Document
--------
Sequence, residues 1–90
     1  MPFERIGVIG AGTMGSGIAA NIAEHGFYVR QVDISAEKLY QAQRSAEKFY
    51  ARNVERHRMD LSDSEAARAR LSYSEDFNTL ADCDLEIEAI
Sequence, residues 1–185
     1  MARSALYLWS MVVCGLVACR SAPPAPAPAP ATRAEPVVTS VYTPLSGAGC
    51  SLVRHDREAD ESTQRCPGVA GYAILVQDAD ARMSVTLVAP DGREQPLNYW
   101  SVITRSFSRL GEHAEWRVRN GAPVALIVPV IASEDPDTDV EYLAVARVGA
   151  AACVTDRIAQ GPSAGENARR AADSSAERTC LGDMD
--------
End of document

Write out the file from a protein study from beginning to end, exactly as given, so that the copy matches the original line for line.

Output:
Sequence, residues 1–90
     1  MPFERIGVIG AGTMGSGIAA NIAEHGFYVR QVDISAEKLY QAQRSAEKFY
    51  ARNVERHRMD LSDSEAARAR LSYSEDFNTL ADCDLEIEAI
Sequence, residues 1–185
     1  MARSALYLWS MVVCGLVACR SAPPAPAPAP ATRAEPVVTS VYTPLSGAGC
    51  SLVRHDREAD ESTQRCPGVA GYAILVQDAD ARMSVTLVAP DGREQPLNYW
   101  SVITRSFSRL GEHAEWRVRN GAPVALIVPV IASEDPDTDV EYLAVARVGA
   151  AACVTDRIAQ GPSAGENARR AADSSAERTC LGDMD